Tiger Trail

Overview

I am the tigress
I walk alone.
No pack
no pride
no mate
helps me survive.

A tigress must teach her cubs to be independent. She is both tender and stern as she carries her kits to safety, snarls to teach them manners, and demonstrates swimming, stalking, and hunting. And ...

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Overview

I am the tigress
I walk alone.
No pack
no pride
no mate
helps me survive.

A tigress must teach her cubs to be independent. She is both tender and stern as she carries her kits to safety, snarls to teach them manners, and demonstrates swimming, stalking, and hunting. And while the tigress is a powerful hunter, danger lurks in her wild surroundings....

Suspense simmers in this evocative exploration of tigers and how they survive. Kay Winters's text is bold and dramatic like the tigress herself, yet packed with information about these amazing animals. Laura Regan's lush artwork, alive with vivid detail, captures the many facets of the tigress and her cubs — proud, vulnerable, ferocious, majestic. Tiger Trail is a wild yet poignant picture book that takes the reader into the land and lives of the largest of cats.

About the Author:
Kay Winters was a classroom teacher, college instructor, and consultant for the American International Schools before she began her writing career. Her books for children include Did You See What I Saw?: Poems About School, The Teeny Tiny Ghost, Who's Haunting the Teeny Tiny Ghost?, and several chapter books. Kay and Laura collaborated on Wolf Watch, which was an American Bookseller "Pick of the Lists" and a Bank Street College Best Children's Book of the Year. Kay lives in Quakertown, Pennsylvania, with her husband, and she frequently speaks at conferences and schools.

Alone a mother tiger cares for her two newborn cubs and later teaches them to hunt, swim, and care for themselves.

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Editorial Reviews

Children's Literature
A tigress raises her cubs in this picture poem of a journey from solitude through the pulsing rhythms of a life in the jungle, to solitude again. The text is simple and spare, and the brief stanzas lend themselves well to repeated reading out loud. Regan's tigress images, in oil and gouache, are majestic. The eyes are haunting and direct. The tender muzzle is backed by tooth and claw. The kits have adorable babyanimal faces that make you flip back for a second look. The chital, langur and peacock place this work in a forest in the Indian subcontinent. The educational use of this book would have been enhanced by a clearer identification of setting, either in text or afterword. 2000, Simon and Schuster, Ages 4 to 8, $16.95. Reviewer: Uma Krishnaswami
School Library Journal
Gr 1-4-In poetic text, Winters writes about short episodes in a big cat's life: in the den with her kits, hunting, in danger from a leopard, teaching her young to swim and hunt. The story begins and ends with the words, "I am the tigress. I walk alone," thus leaving out any information about mating. Regan's gorgeous oil-and-gouache illustrations cover the double-page spreads and complement the drama of the text. A good first introduction to this majestic animal that will have youngsters clamoring for more.-Sally Bates Goodroe, Harris County Public Library, Houston, TX Copyright 2002 Cahners Business Information.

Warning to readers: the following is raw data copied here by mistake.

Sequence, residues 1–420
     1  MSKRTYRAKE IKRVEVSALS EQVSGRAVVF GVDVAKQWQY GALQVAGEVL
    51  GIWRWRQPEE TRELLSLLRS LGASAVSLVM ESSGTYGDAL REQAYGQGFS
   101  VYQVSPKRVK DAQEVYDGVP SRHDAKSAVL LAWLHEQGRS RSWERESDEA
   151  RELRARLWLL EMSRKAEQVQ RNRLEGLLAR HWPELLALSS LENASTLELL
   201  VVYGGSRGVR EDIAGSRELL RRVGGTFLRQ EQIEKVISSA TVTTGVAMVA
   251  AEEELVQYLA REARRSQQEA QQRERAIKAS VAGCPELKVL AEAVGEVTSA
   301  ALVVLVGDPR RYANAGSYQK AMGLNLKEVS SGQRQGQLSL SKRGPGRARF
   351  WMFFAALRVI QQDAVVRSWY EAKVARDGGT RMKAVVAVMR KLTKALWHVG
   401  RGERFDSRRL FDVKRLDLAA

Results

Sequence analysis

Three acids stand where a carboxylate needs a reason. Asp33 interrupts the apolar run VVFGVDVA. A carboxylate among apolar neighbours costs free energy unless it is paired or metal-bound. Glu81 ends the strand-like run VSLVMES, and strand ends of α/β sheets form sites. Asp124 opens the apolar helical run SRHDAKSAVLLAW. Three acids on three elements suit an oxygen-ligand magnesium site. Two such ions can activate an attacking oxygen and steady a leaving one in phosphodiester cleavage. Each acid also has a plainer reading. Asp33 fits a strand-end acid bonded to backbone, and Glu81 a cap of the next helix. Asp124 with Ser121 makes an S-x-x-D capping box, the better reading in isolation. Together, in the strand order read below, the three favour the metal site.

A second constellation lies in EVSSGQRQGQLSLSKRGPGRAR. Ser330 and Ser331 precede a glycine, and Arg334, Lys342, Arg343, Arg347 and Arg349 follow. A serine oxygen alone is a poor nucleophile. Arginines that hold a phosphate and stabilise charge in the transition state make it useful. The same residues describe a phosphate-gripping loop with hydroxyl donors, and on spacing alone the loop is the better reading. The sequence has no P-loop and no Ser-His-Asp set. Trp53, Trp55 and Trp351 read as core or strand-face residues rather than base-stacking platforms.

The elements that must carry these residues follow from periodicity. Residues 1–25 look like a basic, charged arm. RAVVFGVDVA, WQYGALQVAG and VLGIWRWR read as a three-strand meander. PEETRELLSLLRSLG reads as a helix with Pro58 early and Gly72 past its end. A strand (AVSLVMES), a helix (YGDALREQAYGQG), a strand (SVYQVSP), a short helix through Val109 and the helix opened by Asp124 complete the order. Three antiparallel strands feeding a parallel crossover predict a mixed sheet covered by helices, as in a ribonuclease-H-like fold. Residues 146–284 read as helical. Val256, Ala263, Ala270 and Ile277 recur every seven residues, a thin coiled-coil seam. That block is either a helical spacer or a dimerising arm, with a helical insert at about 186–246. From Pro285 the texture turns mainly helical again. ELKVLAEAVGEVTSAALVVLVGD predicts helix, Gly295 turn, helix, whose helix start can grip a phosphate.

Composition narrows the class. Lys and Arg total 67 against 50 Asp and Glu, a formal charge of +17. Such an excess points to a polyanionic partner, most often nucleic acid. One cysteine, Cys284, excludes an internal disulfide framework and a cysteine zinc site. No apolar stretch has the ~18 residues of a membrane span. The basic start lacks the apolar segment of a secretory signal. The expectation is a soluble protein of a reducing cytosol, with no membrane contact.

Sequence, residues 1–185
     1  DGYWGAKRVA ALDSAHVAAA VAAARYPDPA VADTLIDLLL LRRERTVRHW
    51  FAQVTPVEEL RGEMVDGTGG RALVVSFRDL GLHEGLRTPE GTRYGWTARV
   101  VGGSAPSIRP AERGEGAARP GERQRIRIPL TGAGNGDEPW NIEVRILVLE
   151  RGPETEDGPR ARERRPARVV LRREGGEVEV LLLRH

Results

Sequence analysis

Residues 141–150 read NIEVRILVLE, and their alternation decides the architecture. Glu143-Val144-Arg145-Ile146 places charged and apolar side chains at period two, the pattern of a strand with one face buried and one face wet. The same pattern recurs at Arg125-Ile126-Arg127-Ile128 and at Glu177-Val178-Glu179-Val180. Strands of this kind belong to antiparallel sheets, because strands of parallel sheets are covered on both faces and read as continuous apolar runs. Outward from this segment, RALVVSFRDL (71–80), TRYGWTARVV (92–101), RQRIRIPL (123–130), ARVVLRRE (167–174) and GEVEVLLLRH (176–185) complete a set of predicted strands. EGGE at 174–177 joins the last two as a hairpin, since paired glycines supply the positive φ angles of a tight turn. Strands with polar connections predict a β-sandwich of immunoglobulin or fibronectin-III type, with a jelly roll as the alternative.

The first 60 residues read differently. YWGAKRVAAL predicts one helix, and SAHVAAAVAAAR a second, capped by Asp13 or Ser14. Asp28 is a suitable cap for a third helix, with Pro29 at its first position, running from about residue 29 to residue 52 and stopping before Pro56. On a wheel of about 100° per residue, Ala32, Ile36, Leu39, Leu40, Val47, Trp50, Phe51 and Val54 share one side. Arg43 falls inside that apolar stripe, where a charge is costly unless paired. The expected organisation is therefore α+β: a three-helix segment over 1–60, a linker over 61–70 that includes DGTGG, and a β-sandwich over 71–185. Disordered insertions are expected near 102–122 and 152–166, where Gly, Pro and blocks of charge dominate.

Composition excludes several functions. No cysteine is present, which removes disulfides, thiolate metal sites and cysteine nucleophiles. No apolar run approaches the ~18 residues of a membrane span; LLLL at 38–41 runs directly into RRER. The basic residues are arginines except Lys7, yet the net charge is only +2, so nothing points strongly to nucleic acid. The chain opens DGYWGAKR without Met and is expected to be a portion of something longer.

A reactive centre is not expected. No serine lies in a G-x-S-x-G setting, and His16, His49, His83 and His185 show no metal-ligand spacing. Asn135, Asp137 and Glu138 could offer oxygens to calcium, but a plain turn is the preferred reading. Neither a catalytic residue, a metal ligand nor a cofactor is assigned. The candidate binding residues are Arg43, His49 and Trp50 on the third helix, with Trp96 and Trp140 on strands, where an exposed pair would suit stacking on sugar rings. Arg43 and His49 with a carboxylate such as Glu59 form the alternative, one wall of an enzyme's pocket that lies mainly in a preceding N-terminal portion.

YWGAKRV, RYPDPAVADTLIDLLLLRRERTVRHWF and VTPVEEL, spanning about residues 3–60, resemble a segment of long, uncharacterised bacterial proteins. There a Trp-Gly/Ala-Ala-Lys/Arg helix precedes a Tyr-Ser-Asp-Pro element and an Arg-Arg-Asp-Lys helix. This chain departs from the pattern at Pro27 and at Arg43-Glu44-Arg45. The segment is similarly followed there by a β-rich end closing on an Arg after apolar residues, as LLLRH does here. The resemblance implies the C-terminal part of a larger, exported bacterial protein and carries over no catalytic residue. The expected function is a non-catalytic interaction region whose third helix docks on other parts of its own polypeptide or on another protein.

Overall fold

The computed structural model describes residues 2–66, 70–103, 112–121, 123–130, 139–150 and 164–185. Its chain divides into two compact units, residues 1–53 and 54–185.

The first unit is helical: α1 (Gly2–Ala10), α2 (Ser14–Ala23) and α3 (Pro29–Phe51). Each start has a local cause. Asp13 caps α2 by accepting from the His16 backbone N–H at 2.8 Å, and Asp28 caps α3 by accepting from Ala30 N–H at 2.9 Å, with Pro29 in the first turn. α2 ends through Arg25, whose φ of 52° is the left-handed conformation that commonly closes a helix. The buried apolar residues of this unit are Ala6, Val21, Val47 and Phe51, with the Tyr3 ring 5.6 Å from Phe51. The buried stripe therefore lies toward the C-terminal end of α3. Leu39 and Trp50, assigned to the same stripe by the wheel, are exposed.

Kirkus Reviews
The author and illustrator of Wolf Watch (1997) here team up again to let the tigress speak: "I am the tigress. / I walk alone. / No pack / no pride / no mate / helps me survive." Winters's tigress describes how she hunts to feed her cubs, washes them with her warm, wet tongue, carries them to safety to avoid a lurking leopard, and teaches them to swim, hide, and hunt, until at last they can go off to live on their own. The author presents a good deal of detail about the lifecycle, without ever giving specific information about the species of lion or geographic region where it is found. The title ends as it begins, as the tigress asserts: "I am the tigress. / I walk alone." Regan's huge black and gold tigress has strength and dignity, while the inquisitive cubs are cuddly and cute. Double-paged spreads allow for the sweep and majesty of the setting. But the illustrator is less successful at integrating the tiger into a realistic landscape. While the author describes the tigress hunting at the edge of the jungle at sunset "where peacocks roost," the illustrator presents a decorative peacock with feathers trailing to the ground. In any setting but a zoo, that bird would be dinner! The author does not provide sources, so young researchers will need to look elsewhere for school assignments, which certainly could be inspired by this beginning. This is an attractive nature read-aloud for the picture-book set. (Picture book. 6-8)Wood, Audrey JUBAL'S WISH Illus. by Don Wood Scholastic (32 pp.) Oct. 2000
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Product Details

  • ISBN-13: 9780689822827
  • Publisher: Aladdin
  • Publication date: 9/1/2030
  • Edition description: Original

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